Hopes for a quick resumption of Russian gas supplies to Europe rose yesterday after Russia agreed on the terms for the deployment of monitors in Ukraine.
The Czech EU presidency announced late on Thursday an agreement had been reached with Russian Prime Minister Vladimir Putin over the gas monitors, in a surprising turnaround hours after EU-sponsored talks in Brussels broke down over that issue.
Czech Prime Minister Mirek Topolanek and Putin agreed during a telephone conversation “on the conditions of deployment of the monitoring commission at all locations that are relevant for the flow of gas,” the EU presidency statement said.
“This deployment should lead to the Russian supplies of gas to EU member states being restored,” it said, adding that details of the mission were to be finalized yesterday when EU monitors travel to Ukraine.
The head of Russia’s Gazprom, Alexei Miller, had told journalists in Brussels earlier on Thursday that once monitors begin working, gas shipments would resume.
“Our agreement with the European Union is once the monitors are deployed and they have access, we will immediately resume gas supplies,” Miller said.
Topolanek also consulted German Chancellor Angela Merkel, who had first proposed dispatching monitors, the EU presidency said.
Putin also told journalists earlier on Thursday he supported sending experts to monitor flows of Russian gas through Ukraine, saying he thought “it should be done as quickly as possible.”
Despite the announcement of the deal, there was no immediate confirmation from either Moscow or Kiev, and it remained unclear when Russia would resume energy supplies.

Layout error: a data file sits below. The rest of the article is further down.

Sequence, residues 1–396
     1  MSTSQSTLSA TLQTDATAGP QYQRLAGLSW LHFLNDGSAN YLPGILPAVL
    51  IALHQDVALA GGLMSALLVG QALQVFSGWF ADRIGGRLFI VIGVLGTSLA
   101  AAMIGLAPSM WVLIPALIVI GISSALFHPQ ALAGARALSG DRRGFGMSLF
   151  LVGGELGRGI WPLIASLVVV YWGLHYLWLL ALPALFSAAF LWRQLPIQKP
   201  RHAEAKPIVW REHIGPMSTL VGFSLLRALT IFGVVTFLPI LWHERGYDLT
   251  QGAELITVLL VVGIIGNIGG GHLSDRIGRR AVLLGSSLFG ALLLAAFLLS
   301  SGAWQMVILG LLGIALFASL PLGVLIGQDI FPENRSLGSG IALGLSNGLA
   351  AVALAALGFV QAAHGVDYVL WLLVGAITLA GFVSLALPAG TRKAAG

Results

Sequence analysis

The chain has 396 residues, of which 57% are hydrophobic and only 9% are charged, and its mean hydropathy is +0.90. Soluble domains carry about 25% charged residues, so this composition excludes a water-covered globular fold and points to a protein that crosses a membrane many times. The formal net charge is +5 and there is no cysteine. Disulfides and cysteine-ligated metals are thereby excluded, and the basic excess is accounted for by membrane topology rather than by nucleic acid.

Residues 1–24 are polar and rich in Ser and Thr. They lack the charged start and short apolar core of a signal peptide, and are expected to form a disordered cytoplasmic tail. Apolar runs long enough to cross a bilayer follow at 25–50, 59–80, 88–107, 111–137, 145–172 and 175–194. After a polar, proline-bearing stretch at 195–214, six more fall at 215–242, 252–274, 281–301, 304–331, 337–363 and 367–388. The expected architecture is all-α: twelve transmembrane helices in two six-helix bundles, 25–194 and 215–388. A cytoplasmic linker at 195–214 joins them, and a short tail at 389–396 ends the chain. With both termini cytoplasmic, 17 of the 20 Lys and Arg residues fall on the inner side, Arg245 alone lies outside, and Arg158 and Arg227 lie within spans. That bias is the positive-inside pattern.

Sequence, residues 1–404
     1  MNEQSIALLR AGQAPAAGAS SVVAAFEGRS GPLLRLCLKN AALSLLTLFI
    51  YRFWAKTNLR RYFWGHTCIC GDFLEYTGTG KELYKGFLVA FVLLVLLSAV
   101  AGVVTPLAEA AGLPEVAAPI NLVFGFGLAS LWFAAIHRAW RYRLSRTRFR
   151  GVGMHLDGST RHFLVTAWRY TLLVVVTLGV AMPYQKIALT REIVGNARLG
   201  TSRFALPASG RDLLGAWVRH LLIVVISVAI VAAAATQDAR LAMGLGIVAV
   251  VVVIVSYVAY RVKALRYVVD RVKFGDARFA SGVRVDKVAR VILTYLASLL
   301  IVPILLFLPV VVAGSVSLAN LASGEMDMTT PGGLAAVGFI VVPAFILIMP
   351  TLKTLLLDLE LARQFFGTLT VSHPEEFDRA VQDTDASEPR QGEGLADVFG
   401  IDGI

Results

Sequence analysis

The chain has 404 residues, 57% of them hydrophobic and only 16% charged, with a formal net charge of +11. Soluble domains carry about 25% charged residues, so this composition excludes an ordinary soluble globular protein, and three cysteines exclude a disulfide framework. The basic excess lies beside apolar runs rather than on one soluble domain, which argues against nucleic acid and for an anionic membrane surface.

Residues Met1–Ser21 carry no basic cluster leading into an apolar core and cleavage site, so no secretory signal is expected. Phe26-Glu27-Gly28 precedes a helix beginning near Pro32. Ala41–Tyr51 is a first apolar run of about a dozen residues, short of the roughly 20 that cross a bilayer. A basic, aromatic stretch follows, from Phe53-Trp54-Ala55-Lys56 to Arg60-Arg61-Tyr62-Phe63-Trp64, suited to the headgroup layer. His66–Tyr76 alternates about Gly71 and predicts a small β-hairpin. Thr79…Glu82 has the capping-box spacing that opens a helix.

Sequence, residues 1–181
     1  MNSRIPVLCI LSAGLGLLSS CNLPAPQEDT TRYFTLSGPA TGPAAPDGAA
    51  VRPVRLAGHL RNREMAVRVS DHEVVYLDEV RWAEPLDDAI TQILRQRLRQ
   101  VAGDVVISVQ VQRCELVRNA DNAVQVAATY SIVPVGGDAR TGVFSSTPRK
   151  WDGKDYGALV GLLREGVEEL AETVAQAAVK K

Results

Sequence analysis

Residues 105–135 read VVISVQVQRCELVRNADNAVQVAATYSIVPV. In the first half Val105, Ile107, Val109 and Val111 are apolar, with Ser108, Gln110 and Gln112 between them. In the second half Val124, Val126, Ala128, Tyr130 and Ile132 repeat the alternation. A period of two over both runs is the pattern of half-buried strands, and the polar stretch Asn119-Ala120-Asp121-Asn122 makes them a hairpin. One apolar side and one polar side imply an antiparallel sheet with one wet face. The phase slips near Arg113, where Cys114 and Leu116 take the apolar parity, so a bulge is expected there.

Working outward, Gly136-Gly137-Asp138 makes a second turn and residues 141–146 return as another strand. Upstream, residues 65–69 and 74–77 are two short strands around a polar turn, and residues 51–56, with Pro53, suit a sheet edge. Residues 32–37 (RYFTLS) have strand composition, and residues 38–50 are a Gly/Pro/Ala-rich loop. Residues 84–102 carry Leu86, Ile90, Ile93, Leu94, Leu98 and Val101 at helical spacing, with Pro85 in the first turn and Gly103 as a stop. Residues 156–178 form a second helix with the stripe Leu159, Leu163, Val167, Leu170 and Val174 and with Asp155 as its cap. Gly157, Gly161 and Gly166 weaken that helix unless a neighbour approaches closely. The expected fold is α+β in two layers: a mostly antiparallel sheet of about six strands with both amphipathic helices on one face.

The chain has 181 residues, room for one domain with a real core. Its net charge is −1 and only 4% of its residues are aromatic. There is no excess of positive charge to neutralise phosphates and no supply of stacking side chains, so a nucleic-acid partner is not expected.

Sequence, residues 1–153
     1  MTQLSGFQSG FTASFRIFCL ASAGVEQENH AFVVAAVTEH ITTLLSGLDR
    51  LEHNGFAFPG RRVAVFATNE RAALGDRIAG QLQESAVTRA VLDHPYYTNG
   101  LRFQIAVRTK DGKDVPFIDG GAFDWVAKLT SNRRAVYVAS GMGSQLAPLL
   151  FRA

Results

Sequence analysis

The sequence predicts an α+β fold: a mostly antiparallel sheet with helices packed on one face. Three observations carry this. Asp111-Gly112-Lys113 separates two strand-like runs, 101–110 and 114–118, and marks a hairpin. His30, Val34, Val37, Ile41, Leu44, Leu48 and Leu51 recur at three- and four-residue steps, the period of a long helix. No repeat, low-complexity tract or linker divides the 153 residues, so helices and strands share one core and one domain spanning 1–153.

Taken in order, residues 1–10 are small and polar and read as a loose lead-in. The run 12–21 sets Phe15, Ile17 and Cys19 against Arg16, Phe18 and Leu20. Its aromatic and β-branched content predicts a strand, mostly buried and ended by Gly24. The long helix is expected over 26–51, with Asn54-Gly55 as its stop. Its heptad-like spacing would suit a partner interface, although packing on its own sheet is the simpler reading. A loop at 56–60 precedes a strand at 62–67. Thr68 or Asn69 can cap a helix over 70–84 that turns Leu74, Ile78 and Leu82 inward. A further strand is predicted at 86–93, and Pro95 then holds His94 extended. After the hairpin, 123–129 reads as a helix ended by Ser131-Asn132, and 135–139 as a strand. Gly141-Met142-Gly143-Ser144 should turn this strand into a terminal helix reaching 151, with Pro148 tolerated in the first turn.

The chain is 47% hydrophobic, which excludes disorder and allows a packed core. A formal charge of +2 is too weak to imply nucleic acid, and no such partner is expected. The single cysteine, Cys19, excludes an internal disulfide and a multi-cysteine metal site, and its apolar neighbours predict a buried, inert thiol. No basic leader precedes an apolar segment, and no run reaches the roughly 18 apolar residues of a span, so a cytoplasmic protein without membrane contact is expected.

Russia, which cut supplies for Ukraine’s domestic market on Jan. 1 over a payments dispute, accused Ukraine of stealing gas intended for Europe and completely cut shipments on Wednesday.
Russia is the world’s biggest natural gas producer and provides about one-quarter of the gas used in the EU, or about 40 percent of the gas the bloc imports. About 80 percent of those imports pass though Ukraine.
The supply cut means thousands of people in eastern Europe have been left without gas at a time when many are facing temperatures below the freezing point.
The announcement of Thursday’s deal with Putin was all the more surprising given the acrimonious remarks by both sides following the break down of talks in Brussels.
Czech Industry Minister Martin Riman told reporters in the Belgian capital earlier that Russian energy monopoly Gazprom had rejected a proposal for independent monitors to check the flow of Russian gas through Ukraine.
EU Energy Commissioner Andris Piebalgs also said Moscow had refused to sign a deal to restore supplies to around a dozen EU nations at least in part because it wanted its own observers stationed in Ukraine.
But Miller pointed the finger at Kiev, saying it “ruined the signing of such a document” on the sending of a group of independent observers to monitor gas flows.
Ukraine agreed to the monitors on Thursday, and 10 to 12 — drawn from the European gas industry and the European Commission — were due on the ground as early as yesterday.
The monitors were tasked with checking how much gas is being piped from Russia to Ukraine, which is the main transit route for Russian gas to Europe.
While he conceded the crisis had hurt Russia’s image as a reliable gas supplier, Putin insisted Moscow was not to blame and lashed out at Western media who he accused of taking Kiev’s side.